40 Days of Book Praise, Day 7

RamonaGravitarFor 40 days, I am choosing a book from my personal book shelves. It will be a book that is insightful, intriguing, or illuminating about women. I will write why I think this book is a positive one and worth a read. This isn’t advertising for me or to promote any of my friends. It’s simply praise for good books.

Day 7, The Brimstone Wedding by Barbara Vine (Ruth Rendell)

brimstone wedding

Genevieve Warner lives in the English village where she has always lived. She’s wed to a solid man she’s known since childhood, and she works as an aide in an upscale nursing home called Middleton Hall. For fun, she watches old movies with a girlfriend or stops by the pub run by her mum. It’s a pleasant if uneventful life, and though Jenny is fascinated by superstitions, she is a good girl who thinks nothing exciting will ever happen to her. Two things change that: A married man named Ned rents the village’s one big country house, and a woman named Stella moves into the nursing home. Stella is dying of cancer but she is ladylike and well-to-do, and she takes a shine to Jenny. Ned takes a shine to Jenny as well. The story shows how a pleasant life becomes one so full of complications, secrets, and deceit, it could the plot of a vintage film of its own. Jenny is desperate for a confidante. She tells Stella her secret. It is a wise choice. Stella, it turns out, was once great friends with a minor movie star–and the movie star’s husband. Stella, it turns out, still owns a small hidden cottage outside the village where two married lovers might rendezvous. Stella, it turns out, knows more about complications, secrets, and deceit than her elegant demeanor suggests.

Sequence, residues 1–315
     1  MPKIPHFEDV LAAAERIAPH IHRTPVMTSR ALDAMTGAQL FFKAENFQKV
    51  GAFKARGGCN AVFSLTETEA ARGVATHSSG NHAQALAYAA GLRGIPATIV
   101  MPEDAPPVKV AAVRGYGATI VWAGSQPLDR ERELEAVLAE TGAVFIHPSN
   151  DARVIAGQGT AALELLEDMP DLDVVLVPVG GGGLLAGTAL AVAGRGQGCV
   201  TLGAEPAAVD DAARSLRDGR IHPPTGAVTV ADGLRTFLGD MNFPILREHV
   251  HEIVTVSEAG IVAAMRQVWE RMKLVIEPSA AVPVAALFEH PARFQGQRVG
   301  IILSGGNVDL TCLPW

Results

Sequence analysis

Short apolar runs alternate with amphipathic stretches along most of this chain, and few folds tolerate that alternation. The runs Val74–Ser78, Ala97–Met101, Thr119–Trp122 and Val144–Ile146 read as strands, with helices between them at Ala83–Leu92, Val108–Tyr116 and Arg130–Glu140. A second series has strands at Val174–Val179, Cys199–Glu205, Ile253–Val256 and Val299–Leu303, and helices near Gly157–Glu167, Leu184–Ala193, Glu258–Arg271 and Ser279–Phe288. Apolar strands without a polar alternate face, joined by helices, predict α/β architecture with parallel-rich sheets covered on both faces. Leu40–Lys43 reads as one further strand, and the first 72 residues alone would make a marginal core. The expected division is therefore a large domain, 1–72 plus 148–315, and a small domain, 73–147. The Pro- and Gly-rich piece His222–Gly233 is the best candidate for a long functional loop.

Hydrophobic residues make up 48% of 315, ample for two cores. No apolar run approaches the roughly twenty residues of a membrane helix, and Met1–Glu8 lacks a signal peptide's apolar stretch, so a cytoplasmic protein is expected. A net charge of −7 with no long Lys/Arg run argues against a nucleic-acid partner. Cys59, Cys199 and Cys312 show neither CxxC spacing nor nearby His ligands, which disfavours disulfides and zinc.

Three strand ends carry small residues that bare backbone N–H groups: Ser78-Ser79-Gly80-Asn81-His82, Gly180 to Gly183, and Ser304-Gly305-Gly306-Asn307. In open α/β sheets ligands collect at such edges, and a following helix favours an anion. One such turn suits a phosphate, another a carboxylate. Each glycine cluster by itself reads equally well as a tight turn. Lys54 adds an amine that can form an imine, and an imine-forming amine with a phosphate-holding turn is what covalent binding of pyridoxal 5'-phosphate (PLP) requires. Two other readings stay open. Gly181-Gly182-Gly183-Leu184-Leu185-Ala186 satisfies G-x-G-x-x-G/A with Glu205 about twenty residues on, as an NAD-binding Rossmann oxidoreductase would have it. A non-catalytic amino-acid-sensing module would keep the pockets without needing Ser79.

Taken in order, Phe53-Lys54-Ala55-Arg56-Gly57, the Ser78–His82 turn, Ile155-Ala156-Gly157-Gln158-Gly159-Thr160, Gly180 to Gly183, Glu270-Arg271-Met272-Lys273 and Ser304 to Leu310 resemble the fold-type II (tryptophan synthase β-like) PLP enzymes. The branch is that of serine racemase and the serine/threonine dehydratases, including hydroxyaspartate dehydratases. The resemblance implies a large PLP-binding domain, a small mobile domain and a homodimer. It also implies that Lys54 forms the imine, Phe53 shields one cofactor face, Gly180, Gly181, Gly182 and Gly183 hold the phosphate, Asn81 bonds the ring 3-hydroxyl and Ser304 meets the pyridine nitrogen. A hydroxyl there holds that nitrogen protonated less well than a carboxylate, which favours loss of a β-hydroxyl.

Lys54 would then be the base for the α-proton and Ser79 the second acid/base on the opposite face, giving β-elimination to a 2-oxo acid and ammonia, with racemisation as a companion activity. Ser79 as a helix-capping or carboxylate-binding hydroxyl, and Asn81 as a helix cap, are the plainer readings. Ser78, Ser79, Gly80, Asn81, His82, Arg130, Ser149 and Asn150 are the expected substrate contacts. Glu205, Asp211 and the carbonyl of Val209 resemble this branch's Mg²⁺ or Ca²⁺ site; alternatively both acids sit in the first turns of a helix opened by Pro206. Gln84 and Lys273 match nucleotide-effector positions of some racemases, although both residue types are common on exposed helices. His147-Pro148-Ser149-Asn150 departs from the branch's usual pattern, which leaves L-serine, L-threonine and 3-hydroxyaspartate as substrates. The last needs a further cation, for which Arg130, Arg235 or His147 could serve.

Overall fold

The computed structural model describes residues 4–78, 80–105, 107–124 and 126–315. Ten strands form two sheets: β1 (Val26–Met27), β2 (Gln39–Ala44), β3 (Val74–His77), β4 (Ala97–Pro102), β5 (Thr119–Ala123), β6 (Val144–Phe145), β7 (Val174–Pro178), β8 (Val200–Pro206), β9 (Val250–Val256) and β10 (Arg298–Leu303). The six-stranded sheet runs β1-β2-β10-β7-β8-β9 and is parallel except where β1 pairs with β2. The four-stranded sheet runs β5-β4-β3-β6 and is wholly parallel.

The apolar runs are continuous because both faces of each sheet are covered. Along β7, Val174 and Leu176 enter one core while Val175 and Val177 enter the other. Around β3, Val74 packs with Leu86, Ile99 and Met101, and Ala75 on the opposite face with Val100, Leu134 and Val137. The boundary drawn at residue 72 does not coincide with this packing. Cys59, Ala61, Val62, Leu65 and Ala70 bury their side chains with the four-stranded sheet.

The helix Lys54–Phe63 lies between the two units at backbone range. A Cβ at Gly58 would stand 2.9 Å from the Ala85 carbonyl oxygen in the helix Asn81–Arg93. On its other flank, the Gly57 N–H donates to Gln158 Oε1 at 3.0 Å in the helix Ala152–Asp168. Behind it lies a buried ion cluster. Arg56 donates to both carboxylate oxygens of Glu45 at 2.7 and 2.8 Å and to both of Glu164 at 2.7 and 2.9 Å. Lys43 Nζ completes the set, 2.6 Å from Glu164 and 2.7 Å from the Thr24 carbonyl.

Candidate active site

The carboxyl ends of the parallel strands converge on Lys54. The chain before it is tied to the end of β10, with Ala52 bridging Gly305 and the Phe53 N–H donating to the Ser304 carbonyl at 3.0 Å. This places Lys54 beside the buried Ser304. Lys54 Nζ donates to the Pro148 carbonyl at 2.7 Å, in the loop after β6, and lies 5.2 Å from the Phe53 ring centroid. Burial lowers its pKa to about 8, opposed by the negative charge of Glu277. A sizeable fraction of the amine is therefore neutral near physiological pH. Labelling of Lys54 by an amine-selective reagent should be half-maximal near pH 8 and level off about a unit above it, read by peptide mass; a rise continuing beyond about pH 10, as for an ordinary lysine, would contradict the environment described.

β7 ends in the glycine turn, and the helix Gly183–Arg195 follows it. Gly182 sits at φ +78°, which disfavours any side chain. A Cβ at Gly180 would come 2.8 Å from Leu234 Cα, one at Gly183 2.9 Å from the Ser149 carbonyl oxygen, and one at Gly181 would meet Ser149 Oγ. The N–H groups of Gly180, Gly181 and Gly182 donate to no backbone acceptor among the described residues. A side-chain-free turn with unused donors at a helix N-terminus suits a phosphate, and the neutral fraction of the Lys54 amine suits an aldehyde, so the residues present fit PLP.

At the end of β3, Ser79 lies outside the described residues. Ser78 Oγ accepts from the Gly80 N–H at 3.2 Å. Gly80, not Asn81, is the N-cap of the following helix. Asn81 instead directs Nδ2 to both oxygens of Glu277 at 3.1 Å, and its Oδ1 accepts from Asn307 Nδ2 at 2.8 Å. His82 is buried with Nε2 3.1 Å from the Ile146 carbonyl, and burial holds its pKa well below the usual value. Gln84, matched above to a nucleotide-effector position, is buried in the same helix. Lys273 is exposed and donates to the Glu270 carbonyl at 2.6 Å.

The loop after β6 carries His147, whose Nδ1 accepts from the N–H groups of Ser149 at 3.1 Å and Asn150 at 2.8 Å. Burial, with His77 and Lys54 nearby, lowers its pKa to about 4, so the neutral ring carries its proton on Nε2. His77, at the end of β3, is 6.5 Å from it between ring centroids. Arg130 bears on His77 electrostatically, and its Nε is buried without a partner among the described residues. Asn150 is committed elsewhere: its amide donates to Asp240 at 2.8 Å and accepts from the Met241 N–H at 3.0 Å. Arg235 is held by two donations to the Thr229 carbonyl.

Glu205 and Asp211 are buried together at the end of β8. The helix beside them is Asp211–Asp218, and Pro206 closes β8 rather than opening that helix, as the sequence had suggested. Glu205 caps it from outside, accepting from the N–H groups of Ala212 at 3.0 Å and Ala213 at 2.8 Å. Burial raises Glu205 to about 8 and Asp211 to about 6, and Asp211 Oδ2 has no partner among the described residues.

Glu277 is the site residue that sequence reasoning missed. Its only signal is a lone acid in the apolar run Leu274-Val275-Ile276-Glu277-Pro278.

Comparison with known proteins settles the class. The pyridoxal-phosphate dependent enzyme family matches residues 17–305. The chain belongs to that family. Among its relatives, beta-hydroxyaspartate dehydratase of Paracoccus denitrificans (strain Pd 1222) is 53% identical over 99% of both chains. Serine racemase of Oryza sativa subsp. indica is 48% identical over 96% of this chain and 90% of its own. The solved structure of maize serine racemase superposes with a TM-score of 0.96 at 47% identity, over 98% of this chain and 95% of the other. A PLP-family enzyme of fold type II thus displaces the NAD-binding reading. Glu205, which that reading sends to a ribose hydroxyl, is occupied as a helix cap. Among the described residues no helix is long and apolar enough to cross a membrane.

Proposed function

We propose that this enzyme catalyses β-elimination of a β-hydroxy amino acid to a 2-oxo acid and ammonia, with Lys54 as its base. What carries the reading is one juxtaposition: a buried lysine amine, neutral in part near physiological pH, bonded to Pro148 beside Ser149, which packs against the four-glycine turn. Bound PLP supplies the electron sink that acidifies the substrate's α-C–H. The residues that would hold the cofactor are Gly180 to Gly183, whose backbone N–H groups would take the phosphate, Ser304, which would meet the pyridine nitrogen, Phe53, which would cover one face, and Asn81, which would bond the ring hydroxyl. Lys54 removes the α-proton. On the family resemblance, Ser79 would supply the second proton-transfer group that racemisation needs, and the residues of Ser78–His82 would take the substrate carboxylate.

Why is The Brimstone Wedding a good read for women? Barbara Vine is the pen name Ruth Rendell uses for her novels of psychological suspense, and this one includes twists but also unexpected honesty about a touchy subject. Jenny’s evolution from placid wife to passionate lover is presented without judgement, but the story Stella reveals about herself is a cautionary tale about illicit love. Because Rendell/Vine is a masterful storyteller, the story goes into places only a brave and sure writer would take it.

5 thoughts on “40 Days of Book Praise, Day 7

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